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We All Have a Grandfather

We know psoriasis is as old as dirt. It goes way back in the ancient days when we believe various skin conditions call tzaeaath which translated as leprosy. I began to think about what it would have been like to have psoriasis back in the 1800’s. We know that his disease goes way back. As a matter of fact, I didn’t have the pleasure of meeting my grandfather on my mother’s side; however, he did exist.

Looking back at psoriasis throughout history

In doing some research on skin disease, psoriasis is one of the oldest ones. People have had psoriasis before I was thought of. We know many diseases mimic psoriasis. It’s interesting that the Greek definition of psoriasis means to itch.

When I began to look at this definition from a place of clarity; I was surprised at my findings. My first thought was if I have plaque patches covered over my entire body, itching makes so much sense. Before 1800 they looked at leprosy as the same skin disease. It wasn’t until after 1800 that changes were made separately from leprosy disease.

Differences between psoriasis and other conditions

I have always envisioned that there was this very old man, a great grandfather or so who had a very chronic case of psoriasis. Of course, at that time he would have been isolated and grew very lonely due to the fact that he would be in isolation. They couldn’t tell him what he had and probably physicians back in the day feared this man. People probably feared him because they thought he was contagious, possess and was removed involuntarily from his loved ones.

I am talking before 1800 now. Whatever treatments they used back in the day such as arsenic and tar was not working. I can see this person being ignored, dealing with the social stigma of his disease. I would imagine him missing many meals due to the fact he was skipped over by society and the health people in the field at that time. I understand in this time era that they would ring a bell to notify the staff a person had psoriasis. At this point, it would be up to the people there if they wanted to go into that room. Can you imagine this person having poor hygiene because if he was in this condition, it would be impossible to bathe yourself, brush your teeth or comb your hair?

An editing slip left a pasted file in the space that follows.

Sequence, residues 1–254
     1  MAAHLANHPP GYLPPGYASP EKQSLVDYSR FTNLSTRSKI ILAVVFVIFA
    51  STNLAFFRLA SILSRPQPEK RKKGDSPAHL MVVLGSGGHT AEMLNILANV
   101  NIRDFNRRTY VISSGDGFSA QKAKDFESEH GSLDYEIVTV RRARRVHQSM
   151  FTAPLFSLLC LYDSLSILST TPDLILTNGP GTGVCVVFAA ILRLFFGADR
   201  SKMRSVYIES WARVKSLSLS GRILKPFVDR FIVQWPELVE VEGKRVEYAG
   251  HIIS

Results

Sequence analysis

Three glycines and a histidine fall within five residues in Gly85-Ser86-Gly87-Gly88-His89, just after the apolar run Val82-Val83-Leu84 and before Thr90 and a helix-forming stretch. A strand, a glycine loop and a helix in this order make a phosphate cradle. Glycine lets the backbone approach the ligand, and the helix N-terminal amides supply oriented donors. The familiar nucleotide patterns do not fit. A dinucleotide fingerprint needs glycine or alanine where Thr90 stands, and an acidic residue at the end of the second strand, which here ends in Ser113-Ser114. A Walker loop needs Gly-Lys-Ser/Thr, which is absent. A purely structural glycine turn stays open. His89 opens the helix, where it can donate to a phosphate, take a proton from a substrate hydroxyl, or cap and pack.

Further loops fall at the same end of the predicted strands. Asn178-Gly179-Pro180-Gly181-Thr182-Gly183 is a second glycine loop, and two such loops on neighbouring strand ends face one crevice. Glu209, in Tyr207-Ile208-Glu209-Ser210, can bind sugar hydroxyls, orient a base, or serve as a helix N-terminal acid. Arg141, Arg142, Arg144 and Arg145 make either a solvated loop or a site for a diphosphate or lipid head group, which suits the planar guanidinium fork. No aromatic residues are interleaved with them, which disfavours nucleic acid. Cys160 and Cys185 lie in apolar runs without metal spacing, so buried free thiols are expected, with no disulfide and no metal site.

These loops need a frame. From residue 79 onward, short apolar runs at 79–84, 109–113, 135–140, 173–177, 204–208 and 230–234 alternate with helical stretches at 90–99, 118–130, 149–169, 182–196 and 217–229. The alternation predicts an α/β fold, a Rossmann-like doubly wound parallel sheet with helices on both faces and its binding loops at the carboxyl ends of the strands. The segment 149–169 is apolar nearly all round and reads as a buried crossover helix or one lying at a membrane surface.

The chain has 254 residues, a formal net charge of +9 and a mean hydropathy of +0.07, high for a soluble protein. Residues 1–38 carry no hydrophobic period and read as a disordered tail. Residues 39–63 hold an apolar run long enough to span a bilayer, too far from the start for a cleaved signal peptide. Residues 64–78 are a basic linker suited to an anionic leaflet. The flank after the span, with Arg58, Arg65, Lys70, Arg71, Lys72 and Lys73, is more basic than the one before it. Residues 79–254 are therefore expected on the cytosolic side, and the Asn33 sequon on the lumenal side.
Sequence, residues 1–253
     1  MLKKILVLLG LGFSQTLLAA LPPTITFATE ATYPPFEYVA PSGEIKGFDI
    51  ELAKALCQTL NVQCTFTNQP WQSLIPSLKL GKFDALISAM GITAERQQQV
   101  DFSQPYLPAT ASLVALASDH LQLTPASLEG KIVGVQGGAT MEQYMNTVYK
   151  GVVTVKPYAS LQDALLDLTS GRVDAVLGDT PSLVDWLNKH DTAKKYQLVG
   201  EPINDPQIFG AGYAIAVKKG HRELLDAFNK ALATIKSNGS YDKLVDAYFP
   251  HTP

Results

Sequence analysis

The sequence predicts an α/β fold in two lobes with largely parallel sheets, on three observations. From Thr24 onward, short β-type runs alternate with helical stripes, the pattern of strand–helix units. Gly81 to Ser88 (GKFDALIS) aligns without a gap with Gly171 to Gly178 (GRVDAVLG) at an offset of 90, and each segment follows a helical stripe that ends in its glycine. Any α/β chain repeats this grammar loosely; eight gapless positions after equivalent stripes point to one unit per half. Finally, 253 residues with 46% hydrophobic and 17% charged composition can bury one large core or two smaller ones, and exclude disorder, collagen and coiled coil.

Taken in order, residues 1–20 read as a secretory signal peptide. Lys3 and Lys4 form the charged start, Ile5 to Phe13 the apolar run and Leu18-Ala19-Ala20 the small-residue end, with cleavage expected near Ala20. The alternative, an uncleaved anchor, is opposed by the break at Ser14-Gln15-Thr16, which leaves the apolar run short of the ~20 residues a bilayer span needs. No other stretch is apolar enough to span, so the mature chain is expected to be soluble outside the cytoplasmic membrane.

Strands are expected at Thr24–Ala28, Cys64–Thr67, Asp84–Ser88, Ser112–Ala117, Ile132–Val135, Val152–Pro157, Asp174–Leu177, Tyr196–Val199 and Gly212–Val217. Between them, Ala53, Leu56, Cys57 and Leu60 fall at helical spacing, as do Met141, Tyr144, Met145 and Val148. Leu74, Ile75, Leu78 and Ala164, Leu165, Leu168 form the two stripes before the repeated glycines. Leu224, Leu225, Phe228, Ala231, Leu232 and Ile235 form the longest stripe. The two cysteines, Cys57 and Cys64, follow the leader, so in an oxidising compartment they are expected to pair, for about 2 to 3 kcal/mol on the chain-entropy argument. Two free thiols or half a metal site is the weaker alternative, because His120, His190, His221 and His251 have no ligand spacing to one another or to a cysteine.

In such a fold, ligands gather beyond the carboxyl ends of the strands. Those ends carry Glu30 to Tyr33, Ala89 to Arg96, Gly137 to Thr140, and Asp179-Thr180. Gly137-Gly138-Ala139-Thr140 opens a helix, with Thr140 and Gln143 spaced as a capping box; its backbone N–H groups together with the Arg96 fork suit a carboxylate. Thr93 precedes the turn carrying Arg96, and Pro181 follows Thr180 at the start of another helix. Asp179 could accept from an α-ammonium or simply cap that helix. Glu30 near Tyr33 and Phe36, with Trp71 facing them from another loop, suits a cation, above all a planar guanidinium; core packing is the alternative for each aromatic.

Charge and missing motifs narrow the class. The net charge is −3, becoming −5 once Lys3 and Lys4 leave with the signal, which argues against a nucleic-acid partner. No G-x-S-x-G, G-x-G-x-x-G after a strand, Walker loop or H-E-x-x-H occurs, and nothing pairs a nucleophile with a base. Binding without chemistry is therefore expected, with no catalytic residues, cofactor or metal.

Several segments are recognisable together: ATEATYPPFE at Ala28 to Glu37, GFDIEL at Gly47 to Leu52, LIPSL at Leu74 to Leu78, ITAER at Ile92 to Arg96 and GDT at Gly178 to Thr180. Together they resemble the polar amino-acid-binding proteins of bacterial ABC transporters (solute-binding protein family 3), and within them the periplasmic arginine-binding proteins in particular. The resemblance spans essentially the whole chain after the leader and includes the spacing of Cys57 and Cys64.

Thankful for those who came before me

I also had read in my research that before the 1800’s these psoriasis patients would be given cat and dog dune, urine and other waste products to experiment to see whether these things would help psoriasis I can only imagine anger setting in with any person when told to eat something unseemly.

My point I’m trying to make is can you imagine what our great, great, great ancestors had to endure with psoriasis? Through all their humiliation, torment, isolation and death, it revolutionized the psoriasis place for today.

I very thankful for my journey. Yes, it has been difficult as well, but nothing compared to the grandfathers of pre-1800. I’m thankful that today we don’t sit in isolation. I’m thankful that nurses and doctors can’t just pass us by. I’m thankful that they can’t just go outdoors and scoop up some mess and use it as an experimental drug. I’m thankful that for even the ones of us who have been covered with plaque psoriasis that we have the right to good hygiene. I’m thankful for all the changes in the history of psoriasis.

Reflecting on my experiences with psoriasis

Sometimes we need to just stop and think. Any of our great, great, great, grandfathers could have very well been this person in isolation. I know that there were grandfathers who lived this and for me, it stops me in my tracks. Why? Because I know I wouldn’t have survived in those days with having psoriasis. I look at just the past 55 years and how hard it has been for me and sometimes not wanting to go on.

Sometimes even the strongest grandfather will give up. We hear all the time; stop complaining because there is somebody worse off than you. This story proves this over and over. I have no right to complain about my psoriasis, even when I am doing badly. I just bow my head and think back to the 1800s and it reminds me what I could be facing if times had not changed. So as a psoriasis advocate I say; be thankful and one day we will find a cure.

This article represents the opinions, thoughts, and experiences of the author; none of this content has been paid for by any advertiser. The team does not recommend or endorse any products or treatments discussed herein. Learn more about how we maintain editorial integrity here.


  • VickiN moderator
    5 months ago

    Appreciate the new perspective and gratitude, Diane <3
    -Victoria, Community Moderator

  • DianeT author
    5 months ago

    Thank Vicki,

    I can only imagine what our ancestors went through. We have come a long ways.


  • Clair G moderator
    5 months ago

    We have!

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